I long ago lost count of how many times I’ve made this lemon cake. The recipe, clipped from the Boston Globe in the pre-internet age, is pasted with rubber cement into a notebook of recipes I began keeping the year before I got married in 1987. The pages are all loose now, held together with a rubber band. But I know exactly where the yellowed, glaze-spattered cake recipe is, should I ever need a quick refresher. In fact, as I realized while creaming the butter and sugar yesterday morning, I don’t really refer to the recipe anymore. I know it by heart.
Years ago, when the dad of one of Henry’s classmates was dying of cancer, I made this cake every day for nearly a month. Richard and I had become close during his illness, and I usually spent part of each afternoon, before school pick-up, at his house. He and his wife had decided that his would not be a lonely death, but rather a carefully, lovingly populated one. They wanted company. They wanted their home to be filled with life and laughter and the sound of children’s voices even as the end one young father’s life drew near.
It was an education for me to be a part of that thoughtfully orchestrated leave-taking, an honor to be invited in, and an indelible memory that returns each spring as the daffodils bloom in my garden. One day that early May, struck by the disconnect between the explosion of life and color in the world and the slow leaching of life from my friend’s body, I cut every single daffodil in my yard, well over a hundred in all, and arranged them in jars in his room.
It seemed right, somehow, to take everything of beauty I could put my hands on and deliver vessels stuffed full of springtime into this household. Everyone had some version of the same impulse it seemed — to meet death with life, grief with love. Other friends brought music, artwork, foot rubs, poems to read out loud. The kitchen was always full of people, the tea kettle always on boil, the refrigerator always full of good food.
But as Richard’s appetite waned, there was just one thing he wanted to eat, just one treat that actually tasted good, even if he could manage only a bite or two: a sip of coffee and a small slice of my lemon cake. I couldn’t do anything about the relentless progression of his illness, but I could make cake. And so I did, again and again and again. Even now, thirteen years later, I never begin the process of grating lemon peel without thinking of Richard.
Yesterday, the daffodils were blooming at last in my New Hampshire garden. The forsythia buds were opening before my eyes, the grass greening by the hour. And I found myself feeling just a touch blue as I considered the fact that after many months of sharing readings and appearances with my friend Margaret Roach, author of The Backyard Parables, we were facing our final “duet” together.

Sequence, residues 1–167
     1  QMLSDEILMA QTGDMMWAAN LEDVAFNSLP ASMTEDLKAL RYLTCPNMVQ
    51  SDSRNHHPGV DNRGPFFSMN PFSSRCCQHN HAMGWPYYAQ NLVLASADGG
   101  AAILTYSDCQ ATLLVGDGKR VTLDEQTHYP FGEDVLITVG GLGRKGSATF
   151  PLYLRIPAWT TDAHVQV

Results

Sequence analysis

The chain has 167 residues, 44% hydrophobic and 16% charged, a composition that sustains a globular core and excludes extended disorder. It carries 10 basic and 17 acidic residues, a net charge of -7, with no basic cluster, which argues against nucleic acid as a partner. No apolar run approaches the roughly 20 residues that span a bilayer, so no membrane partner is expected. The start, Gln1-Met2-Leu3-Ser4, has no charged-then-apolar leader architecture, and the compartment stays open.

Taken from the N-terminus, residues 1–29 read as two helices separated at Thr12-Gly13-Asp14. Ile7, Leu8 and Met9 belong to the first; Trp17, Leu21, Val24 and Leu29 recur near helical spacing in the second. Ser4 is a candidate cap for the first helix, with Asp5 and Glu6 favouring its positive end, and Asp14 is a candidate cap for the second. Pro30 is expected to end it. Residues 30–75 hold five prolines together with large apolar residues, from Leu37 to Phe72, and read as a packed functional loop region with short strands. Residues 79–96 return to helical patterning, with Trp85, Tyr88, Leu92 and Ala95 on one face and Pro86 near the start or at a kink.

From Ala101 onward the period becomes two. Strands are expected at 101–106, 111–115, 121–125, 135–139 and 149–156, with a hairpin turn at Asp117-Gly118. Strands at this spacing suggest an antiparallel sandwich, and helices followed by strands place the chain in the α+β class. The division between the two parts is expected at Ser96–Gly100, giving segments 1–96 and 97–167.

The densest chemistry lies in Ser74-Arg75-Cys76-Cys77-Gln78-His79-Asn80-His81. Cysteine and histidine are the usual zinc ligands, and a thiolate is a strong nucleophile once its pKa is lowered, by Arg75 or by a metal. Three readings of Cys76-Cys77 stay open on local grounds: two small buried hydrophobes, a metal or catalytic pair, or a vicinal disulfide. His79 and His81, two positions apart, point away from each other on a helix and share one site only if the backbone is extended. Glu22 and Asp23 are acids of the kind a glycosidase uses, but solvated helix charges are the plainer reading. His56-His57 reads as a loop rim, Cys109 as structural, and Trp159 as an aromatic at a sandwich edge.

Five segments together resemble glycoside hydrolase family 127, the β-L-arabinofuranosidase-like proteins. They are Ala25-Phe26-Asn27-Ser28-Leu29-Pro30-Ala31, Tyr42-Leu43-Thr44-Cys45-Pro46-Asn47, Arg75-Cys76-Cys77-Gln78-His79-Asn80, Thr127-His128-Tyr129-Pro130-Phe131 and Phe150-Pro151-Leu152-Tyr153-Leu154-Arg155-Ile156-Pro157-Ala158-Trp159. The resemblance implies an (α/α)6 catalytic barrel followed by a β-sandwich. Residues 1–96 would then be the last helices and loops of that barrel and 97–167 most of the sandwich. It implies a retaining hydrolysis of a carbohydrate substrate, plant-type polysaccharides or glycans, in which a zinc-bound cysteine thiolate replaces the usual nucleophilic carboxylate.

We weren’t sure how many people would be willing to leave their back yards on such a glorious spring Sunday afternoon to go listen to a couple of authors talk and read. But for the two of us it was a bittersweet moment, the end of the road for this book publication journey we’ve shared since our memoirs came out within a week of each other in January. I wanted to mark the occasion, to offer her a sweet something by way of saying “Thank you for being my friend and partner.” (What we’ve both learned is that book tours are lots more fun with a buddy!)
There was really just one thing to do: make my lemon cake. As it turned out, about forty-five people came to the bookstore and yet I’m pretty sure everyone who wanted a sliver got one. We talked together about friendships and endings and the fact that nothing lasts. And we shared stories and celebrated spring and acknowledged the beauty of beginnings. For those of you who couldn’t be with us, I’m sharing the recipe.
Glazed Lemon Cake
(Simple. Dense. Lemony. Sturdy. Good.)
2 sticks unsalted butter, room temperature
2 cups sugar (I use half a cup less)
3 eggs slightly beaten
3 cups flour
1/2 tsp. baking soda
1/2 tsp. salt
1 cup buttermilk
2 heaping tsp. grated lemon rind
3 tblsp. fresh squeezed lemon juice
Set your oven to 325. Grease a ten-inch tube pan, line the bottom with piece of waxed paper cut to fit exactly, grease the paper, and then lightly flour the pan. Set aside. In the bowl of an electric mixer cream the butter and sugar until light and fluffy. Add eggs one tablespoonful at a time, beating well after each addition. Sift together the flour, baking soda and salt, and add to to dry ingredients with mixer on its lowest speed, alternating with the buttermilk and beginning and ending with the flour. Beat in lemon rind and juice.
Pour the batter into the pan and bake on middle rack of oven for 65 minutes, until the cake begins to pull away from sides of pan. Cool for 10 minutes, then remove from pan and glaze (optional) while still warm.
For the glaze: In a mixer cream together 2 cups confectioners sugar and 3 T. butter. Add 3 heaping T. grated lemon rind and 1/4 cup fresh lemon juice.
Magical Journey — my last three readings (for a while, anyway)
I would love to see you at one of these events! And if you can’t make it, please put the word out to friends in Nashville and Minneapolis.
Thursday, May 2, 6:30 pm: Parnassus Books, Nashville, TN
Saturday, May 4, 7 pm: Seventh Annual Motherhood & Words Reading, The Loft, Minneapolis, MN.
Monday, May 6, 7 pm: Common Good Bookstore, St. Paul, MN.
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